Taking the “You” out of Union
Union political power is only as strong as its members’ willingness to give.
Last week, the American Federation of Teacher’s latest union financials (LM-2s) were released. Courtesy of Dropout Nation’s RiShawn Biddle, we learn that in 2011-2012, AFT spent $27 million to “preserve its influence.” Teachers unions spend money in a variety of ways, but the spending is typically about maintaining its power and aggressively promoting a very specific political agenda (all the while paying the union elite quite handsomely.)
On page 5 of this 205 page document, we learn that Randi Weingarten – who claims she identifies with the “99 percenters” and unceasingly promotes class warfare – pulled in a cool $556,981 in total compensation over the past year. This of course puts her, alongside the relentlessly vilified Koch Brothers, firmly in the 1 percent camp. Also, as summarized by Biddle,
Secretary-Treasurer Loretta Johnson (who used to be the union’s executive vice president) picked up $381,614, a mere 3 percent increase. Francine Lawrence, who was elevated to Johnson’s former post (and was previously the head of the union’s Toledo local, best-known for its promoting of the less-than-useful peer review approach to teacher evaluation), earned $297,346 last fiscal year. When one adds in the salary of former Secretary-Treasure Antonia Cortese, the AFT paid its top three officials $1.4 million in 2011-2012, a 12 percent increase over the previous fiscal year… The union’s apparatchiks also earned plenty, but not as much as they did last year. David Dorn, the union’s director of international affairs, for example, collected $193,634 in 2011-2012, less than the $223,965 he made in the previous fiscal year; while the union’s general counsel, David Strom, earned $199,227, a decline from $201,472 in the previous year. Hartina Flournoy, the longtime Democratic Party operative who now serves as Weingarten’s assistant, did see a slight bump in pay (from $231,337 in 2010-2011 to $236,934 in 2011-2012).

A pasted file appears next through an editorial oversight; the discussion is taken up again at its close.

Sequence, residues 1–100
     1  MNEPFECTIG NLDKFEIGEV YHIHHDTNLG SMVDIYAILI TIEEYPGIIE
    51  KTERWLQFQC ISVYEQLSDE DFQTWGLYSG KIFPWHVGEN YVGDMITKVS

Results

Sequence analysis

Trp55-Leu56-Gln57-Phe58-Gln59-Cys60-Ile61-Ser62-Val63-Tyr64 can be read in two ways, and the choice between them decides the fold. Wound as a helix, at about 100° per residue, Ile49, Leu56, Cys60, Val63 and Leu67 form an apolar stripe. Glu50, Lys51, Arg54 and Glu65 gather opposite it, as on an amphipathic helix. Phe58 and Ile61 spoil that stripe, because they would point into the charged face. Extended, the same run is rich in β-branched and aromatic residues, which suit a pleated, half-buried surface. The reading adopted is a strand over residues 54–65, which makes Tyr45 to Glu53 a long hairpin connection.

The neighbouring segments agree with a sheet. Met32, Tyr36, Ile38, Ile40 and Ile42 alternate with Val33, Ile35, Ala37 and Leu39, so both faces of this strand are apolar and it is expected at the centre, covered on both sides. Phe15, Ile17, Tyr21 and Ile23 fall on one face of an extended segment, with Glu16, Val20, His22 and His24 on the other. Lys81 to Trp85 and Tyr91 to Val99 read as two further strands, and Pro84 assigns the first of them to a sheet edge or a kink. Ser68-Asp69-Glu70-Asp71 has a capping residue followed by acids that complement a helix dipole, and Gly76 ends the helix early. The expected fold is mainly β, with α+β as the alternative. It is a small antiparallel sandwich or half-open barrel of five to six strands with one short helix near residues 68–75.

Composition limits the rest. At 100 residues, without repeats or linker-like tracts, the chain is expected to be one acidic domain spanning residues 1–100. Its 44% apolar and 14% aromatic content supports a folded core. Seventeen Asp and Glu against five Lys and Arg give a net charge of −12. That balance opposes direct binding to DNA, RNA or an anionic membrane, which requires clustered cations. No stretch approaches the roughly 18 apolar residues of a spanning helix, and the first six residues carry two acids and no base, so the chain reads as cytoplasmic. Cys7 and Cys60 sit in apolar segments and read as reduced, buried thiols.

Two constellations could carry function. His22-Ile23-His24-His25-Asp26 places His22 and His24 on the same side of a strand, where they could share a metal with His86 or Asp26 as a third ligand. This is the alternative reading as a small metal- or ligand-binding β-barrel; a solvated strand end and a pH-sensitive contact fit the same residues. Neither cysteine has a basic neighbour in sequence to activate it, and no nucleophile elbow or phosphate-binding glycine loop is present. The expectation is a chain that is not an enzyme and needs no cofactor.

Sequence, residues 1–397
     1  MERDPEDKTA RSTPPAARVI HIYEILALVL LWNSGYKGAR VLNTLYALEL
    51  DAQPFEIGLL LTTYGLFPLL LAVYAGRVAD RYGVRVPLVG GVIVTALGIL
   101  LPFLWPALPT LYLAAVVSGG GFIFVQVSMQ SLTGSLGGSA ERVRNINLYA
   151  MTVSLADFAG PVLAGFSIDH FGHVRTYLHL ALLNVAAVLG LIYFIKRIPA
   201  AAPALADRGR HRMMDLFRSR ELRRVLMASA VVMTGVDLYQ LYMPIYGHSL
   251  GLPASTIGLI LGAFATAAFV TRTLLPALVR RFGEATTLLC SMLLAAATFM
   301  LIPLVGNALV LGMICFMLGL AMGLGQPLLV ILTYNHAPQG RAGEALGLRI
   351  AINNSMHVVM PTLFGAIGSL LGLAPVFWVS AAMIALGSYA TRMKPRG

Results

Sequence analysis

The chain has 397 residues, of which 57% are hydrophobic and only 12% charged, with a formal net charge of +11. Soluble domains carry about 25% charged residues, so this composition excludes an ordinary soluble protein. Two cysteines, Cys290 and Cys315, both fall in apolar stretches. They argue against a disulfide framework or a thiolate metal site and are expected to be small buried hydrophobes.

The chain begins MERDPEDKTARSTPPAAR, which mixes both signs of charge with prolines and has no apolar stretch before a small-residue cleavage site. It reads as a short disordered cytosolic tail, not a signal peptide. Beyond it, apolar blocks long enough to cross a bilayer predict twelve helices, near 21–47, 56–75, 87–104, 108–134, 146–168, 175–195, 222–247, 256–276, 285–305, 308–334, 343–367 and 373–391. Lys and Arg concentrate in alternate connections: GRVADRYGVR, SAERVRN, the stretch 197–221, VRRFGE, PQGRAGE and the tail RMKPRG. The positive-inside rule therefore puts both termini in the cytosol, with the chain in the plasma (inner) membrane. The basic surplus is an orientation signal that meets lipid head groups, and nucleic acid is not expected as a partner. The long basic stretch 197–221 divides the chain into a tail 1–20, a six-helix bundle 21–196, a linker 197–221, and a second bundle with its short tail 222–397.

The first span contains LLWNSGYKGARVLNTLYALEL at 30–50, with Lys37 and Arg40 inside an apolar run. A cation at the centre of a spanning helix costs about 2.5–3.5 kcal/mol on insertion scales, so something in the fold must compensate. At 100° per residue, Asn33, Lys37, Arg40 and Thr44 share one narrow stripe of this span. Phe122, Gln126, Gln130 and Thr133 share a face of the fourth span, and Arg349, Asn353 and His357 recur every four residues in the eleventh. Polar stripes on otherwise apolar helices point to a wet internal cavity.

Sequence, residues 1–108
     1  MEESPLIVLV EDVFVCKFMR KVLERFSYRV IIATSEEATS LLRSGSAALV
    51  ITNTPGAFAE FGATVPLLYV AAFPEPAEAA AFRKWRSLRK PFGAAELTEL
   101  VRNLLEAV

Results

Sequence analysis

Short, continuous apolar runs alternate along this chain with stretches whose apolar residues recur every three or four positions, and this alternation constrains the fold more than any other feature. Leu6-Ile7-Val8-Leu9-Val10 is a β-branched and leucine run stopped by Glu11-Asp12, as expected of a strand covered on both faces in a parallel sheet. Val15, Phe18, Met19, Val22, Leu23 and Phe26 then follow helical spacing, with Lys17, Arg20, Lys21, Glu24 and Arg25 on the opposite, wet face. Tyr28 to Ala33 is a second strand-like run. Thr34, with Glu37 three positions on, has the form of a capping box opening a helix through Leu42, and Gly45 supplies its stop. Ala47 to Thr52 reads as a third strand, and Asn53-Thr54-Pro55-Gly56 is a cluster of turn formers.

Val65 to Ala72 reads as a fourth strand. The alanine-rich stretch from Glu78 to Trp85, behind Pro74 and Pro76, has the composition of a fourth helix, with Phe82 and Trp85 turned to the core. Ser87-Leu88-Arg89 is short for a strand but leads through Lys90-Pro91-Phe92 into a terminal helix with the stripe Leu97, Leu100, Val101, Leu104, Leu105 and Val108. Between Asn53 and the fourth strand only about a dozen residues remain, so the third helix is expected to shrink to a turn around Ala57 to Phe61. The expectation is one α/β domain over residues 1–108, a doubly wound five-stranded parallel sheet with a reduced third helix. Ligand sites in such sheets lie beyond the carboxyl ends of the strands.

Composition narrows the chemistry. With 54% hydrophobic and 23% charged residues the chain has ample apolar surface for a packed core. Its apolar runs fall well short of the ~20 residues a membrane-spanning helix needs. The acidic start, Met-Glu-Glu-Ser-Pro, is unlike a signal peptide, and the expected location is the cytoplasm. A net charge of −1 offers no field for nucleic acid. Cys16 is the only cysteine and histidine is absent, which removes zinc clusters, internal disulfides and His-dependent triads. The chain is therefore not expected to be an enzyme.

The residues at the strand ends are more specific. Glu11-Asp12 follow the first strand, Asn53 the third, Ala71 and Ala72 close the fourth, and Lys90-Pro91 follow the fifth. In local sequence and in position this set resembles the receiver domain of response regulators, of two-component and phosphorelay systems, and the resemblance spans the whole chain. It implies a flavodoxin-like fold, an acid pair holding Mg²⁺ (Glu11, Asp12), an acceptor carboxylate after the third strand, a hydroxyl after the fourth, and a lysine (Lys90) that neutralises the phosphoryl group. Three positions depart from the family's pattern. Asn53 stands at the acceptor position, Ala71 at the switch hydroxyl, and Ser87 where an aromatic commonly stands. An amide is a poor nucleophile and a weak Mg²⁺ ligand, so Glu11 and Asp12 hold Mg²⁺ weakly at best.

While some of the union’s spending is on education-related matters, that money is typically targeted to fight any kind of meaningful reform. For example, in 2011, AFT engaged the NAACP, now on the union’s payroll, to file a lawsuit to keep some children in Harlem in their failing traditional public schools, instead of allowing them to attend nearby superior (non-unionized) charter schools. Also in 2011, AFT worked hard to eviscerate a Parent Trigger law in Connecticut. And then there are the ongoing battles; AFT regularly rails against teacher evaluation laws and virulently opposes any kind of school choice.
But much of the $27 million that AFT spent went to politics and non-education related causes. Not surprisingly, its political spending goes in only one direction – left. Here are a few examples of their largess:
- Economic Policy Institute – whose mission “is to inform and empower individuals to seek solutions that ensure broadly shared prosperity and opportunity.” If this were an honest statement, the word “opportunity” would have been followed by “as long as the solutions are in sync with the leftist union party line.”
- The American Prospect – an uber-lefty magazine.
- The Center for American Progress – a progressive think tank.
- Rainbow Push – Jesse Jackson’s shakedown organization.
- National Council of La Raza.
- American Labor Museum.
- Various and sundry labor committees.
- Progressive National Baptist Convention.
- Etc, etc, etc.
To show how one-sided its political spending is, according to the Center for Responsive politics, in 2011-2012, the AFT spent $768,194 on Democrat candidates for office and $0 on Republicans. This clearly shows a deep disdain for any of its dues payers who happen to be Republican. (While polling numbers on this issue vary, it is safe to say that somewhere between a third and a half of all teachers are politically to the right of center.)
In 27 forced union states, public school teachers must pay to play. They are forced to fork over the part of union dues that is allocated for collective bargaining. But they are not required to pay the portion that is spent on politics. As such, it would behoove all conservative, centrist and politically disinterested teachers to opt out of paying the political part of their union dues. Why should teachers’ dues money go to candidates and causes that they don’t agree with and may indeed find abhorrent?
To avoid bankrolling the union’s political agenda, a teacher must resign from the union, and then ask for a rebate by a certain date every year. For more details on the opt-out process – pros and cons – please visit the website of the California Teachers Empowerment Network, an organization I co-founded six years ago.
Larry Sand, a former classroom teacher, is the president of the non-profit California Teachers Empowerment Network – a non-partisan, non-political group dedicated to providing teachers with reliable and balanced information about professional affiliations and positions on educational issues.